Brampton Council opted-in through an 8-3 vote in 2019, with those in opposition including Councillor Harkirat Singh, former councillor Gurpreet Dhillon, and then-councillor-now-Brampton MPP Charmaine Williams.

Recently, after having the distinction of being the largest Canadian city to maintain a ban on legal cannabis retail, Mississauga made the decision to open its doors to the legal market through an 8-4 vote. Concerns around the lack of adequate municipal oversight, the risk of “clustering” (too many stores in a small area); and a desire to seek better municipal control over cannabis retail store locations before allowing them had swayed the majority of Mississauga council members to previously deny legal cannabis in their city.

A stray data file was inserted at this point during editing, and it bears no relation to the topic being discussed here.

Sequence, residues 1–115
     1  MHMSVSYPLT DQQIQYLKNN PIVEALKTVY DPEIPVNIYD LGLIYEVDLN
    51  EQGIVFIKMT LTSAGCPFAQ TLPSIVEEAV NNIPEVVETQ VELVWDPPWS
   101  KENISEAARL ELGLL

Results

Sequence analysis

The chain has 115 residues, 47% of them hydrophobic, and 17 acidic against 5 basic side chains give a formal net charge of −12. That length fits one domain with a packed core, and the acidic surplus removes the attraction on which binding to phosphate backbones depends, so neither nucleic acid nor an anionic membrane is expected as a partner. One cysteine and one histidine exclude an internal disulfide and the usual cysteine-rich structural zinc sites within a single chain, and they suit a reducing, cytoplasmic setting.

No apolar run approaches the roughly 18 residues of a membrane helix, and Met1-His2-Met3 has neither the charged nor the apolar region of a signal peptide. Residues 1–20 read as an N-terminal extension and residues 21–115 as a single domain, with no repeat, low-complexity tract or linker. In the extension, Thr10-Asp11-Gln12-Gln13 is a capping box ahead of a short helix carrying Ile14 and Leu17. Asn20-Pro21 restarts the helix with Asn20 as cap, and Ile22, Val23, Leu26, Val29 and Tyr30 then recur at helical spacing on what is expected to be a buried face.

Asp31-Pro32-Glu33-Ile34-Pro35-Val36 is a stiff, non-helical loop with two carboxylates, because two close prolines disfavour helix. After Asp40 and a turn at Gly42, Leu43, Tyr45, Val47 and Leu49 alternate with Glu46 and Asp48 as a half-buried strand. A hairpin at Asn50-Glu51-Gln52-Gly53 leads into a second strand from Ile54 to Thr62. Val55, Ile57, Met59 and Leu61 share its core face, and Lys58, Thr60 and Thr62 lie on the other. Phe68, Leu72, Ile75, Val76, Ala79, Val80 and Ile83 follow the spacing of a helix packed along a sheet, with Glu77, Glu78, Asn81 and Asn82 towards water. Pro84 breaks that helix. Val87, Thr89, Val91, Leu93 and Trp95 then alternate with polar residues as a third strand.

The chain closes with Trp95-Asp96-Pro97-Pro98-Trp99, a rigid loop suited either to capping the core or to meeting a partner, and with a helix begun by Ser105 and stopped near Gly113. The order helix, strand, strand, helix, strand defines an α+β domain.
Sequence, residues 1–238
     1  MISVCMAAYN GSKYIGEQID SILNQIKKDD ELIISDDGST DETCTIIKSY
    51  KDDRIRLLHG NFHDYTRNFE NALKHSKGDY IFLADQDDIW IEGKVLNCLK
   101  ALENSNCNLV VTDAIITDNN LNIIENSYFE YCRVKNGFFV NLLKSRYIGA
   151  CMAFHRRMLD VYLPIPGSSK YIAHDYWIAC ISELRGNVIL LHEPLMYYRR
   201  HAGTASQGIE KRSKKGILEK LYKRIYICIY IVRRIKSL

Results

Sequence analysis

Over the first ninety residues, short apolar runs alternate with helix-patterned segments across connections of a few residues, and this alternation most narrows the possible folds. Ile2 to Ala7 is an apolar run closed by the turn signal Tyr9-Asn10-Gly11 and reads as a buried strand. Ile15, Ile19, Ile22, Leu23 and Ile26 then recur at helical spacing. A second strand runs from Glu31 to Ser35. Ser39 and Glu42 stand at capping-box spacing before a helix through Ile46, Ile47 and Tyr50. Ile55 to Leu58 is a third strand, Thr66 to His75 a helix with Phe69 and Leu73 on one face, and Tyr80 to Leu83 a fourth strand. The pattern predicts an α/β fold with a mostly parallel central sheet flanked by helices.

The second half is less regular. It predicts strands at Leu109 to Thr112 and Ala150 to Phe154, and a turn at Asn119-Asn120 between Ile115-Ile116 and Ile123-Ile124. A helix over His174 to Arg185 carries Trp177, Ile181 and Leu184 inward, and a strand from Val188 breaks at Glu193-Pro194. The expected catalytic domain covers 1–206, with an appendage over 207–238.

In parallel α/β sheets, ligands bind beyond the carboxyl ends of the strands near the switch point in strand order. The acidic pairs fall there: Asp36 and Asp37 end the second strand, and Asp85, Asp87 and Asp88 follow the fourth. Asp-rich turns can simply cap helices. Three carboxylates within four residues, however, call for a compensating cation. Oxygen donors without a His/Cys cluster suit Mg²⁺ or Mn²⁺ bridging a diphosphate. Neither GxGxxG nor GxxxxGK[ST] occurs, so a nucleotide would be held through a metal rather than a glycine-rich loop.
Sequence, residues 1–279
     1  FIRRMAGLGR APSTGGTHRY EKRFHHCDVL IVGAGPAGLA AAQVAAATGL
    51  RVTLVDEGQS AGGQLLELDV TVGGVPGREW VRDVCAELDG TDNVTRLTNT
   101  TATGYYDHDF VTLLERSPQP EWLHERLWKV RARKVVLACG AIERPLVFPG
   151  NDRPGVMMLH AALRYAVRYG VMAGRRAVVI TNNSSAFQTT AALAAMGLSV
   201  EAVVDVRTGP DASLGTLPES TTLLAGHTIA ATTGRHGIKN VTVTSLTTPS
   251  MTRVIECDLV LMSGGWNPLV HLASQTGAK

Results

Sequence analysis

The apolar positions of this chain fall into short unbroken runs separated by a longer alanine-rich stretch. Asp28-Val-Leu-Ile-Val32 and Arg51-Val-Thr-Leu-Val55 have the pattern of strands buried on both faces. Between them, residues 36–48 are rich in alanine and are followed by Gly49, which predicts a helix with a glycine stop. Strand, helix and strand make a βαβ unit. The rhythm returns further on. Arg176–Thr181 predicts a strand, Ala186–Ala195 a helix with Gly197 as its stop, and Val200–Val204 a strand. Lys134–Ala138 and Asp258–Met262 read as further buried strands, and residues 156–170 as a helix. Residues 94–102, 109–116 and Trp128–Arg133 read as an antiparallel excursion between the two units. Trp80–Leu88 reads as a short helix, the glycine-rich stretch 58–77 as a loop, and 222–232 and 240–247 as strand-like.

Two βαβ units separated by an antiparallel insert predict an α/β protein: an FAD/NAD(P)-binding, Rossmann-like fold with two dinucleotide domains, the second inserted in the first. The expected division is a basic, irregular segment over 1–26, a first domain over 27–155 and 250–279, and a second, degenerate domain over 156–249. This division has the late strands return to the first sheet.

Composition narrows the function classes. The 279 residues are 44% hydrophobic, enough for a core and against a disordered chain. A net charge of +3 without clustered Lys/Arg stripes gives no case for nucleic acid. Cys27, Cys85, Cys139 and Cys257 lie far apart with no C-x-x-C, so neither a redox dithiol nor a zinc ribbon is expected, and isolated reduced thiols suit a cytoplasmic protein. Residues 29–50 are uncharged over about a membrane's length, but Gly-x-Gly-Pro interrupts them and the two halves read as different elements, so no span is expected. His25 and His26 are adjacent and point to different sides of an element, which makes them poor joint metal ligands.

According to a recent report by Mississauga staff, residents were disproportionately served by the illegal cannabis market, creating more pressure to allow legal operations. After Toronto, Mississauga has the most illicit cannabis delivery services promoted on illegal websites in the province.

The report also specified, “based on the feedback received from neighbouring municipalities that permit retail cannabis, clustering of stores has not proven to be an issue to date.”

The Mississauga report included information from Peel Police which has found no increase in problems associated with cannabis use since it was legalized.

Brampton councillors suggested the introduction of legal cannabis in neighbouring Mississauga might slow the proliferation of stores in their city, as locations that have served buyers south of the municipal border might face new competition.

Email: jessica.durling@thepointer.com

Twitter: @JessicaRDurling

By Jessica Durling, Local Journalism Initiative Reporter

Original Published on May 04, 2023 at 10:19

This item reprinted with permission from   The Pointer   Mississauga, Ontario